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The ERISA Edit: Investment Advice Fiduciary Regulation Faces First APA Challenge

Employee Benefits Alert

Insurance Representatives File Lawsuit in Texas Seeking to Vacate DOL's New Fiduciary Rule 

The expected legal challenges to the U.S. Department of Labor's (DOL) April 25, 2024, final rule redefining when a person is a fiduciary on the basis of rendering "investment advice for a fee or other compensation" (the Fiduciary Rule) have begun. On May 2, 2024, the trade association Federation of Americans for Consumer Choice (FACC), along with multiple individuals and companies engaged in the insurance industry, filed a complaint in the Eastern District of Texas under case caption Fed'n of Americans for Consumer Choice Inc. v. DOL, No. 6:24-cv-00163 (E.D. Tex. May 2, 2024). The plaintiffs ask the court to declare the Fiduciary Rule unlawful, to vacate it, and to issue preliminary and permanent injunctions preventing its implementation and enforcement. 

The FACC complaint brings two causes of action against the Fiduciary Rule. First, the complaint alleges that the DOL exceeded its authority under ERISA and the Internal Revenue Code (Code) in promulgating the Fiduciary Rule and amendments to related prohibited transaction exemptions (PTEs). The FACC alleges that the Fiduciary Rule redefines the term "fiduciary" in a manner that is impermissibly broad in order "to assert new regulatory jurisdiction in the IRA market" that Congress did not confer to DOL under ERISA or the Code. Second, the complaint alleges that the Fiduciary Rule and PTE amendments are arbitrary and capricious in violation of the Administrative Procedure Act (APA) because the Rule defines "fiduciary" in a manner "fundamentally inconsistent with Congress' intent as expressed in the text of ERISA and the Code, as well as the historical and common law understanding of the term."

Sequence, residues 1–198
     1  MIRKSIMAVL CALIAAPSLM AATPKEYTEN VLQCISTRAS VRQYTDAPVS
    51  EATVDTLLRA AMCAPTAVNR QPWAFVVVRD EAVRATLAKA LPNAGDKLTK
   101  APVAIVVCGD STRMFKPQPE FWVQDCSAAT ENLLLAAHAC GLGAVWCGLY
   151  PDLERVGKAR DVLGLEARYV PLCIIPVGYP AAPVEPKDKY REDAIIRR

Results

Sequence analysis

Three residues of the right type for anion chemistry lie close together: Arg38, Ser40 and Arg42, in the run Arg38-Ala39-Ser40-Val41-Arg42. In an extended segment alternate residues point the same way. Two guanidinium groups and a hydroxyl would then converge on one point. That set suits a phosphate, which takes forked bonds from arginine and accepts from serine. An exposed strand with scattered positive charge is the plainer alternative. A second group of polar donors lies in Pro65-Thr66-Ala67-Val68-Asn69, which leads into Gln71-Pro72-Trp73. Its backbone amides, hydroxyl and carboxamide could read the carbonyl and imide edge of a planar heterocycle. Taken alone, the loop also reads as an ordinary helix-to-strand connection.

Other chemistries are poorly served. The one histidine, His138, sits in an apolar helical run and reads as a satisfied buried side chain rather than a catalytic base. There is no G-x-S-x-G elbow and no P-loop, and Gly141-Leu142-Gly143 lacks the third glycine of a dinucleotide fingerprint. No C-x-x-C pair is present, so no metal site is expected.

The FACC's complaint relies heavily on a 2018 Fifth Circuit case – binding in the Eastern District of Texas – that struck down a 2016 iteration of the Fiduciary Rule, arguing that the 2024 Fiduciary Rule is "effectively indistinguishable" from the 2016 rule that was vacated in full on grounds it was both contrary to law and arbitrary and capricious. In Chamber of Commerce v. DOL, 885 F.3d 360 (5th Cir. 2018), the Fifth Circuit found that the DOL's 2016 rule, which, like the 2024 Fiduciary Rule at issue, replaced the 1975 five-part test for defining when a person is a fiduciary on the basis of giving investment advice, conflicted with the statutory definition of "fiduciary" in ERISA. The Fifth Circuit opined that ERISA incorporated the common law understanding of "fiduciary" as someone with a "special relationship of trust and confidence" with an investor. Because the 2016 rule would encompass individuals engaged only in one-time sales of investment products, without any preexisting relationship with the investors to whom they marketed, the Fifth Circuit concluded it was contrary to ERISA, thus unlawful, and, further, that it was based on an unreasonable interpretation of fiduciary status, rendering it arbitrary and capricious under the APA.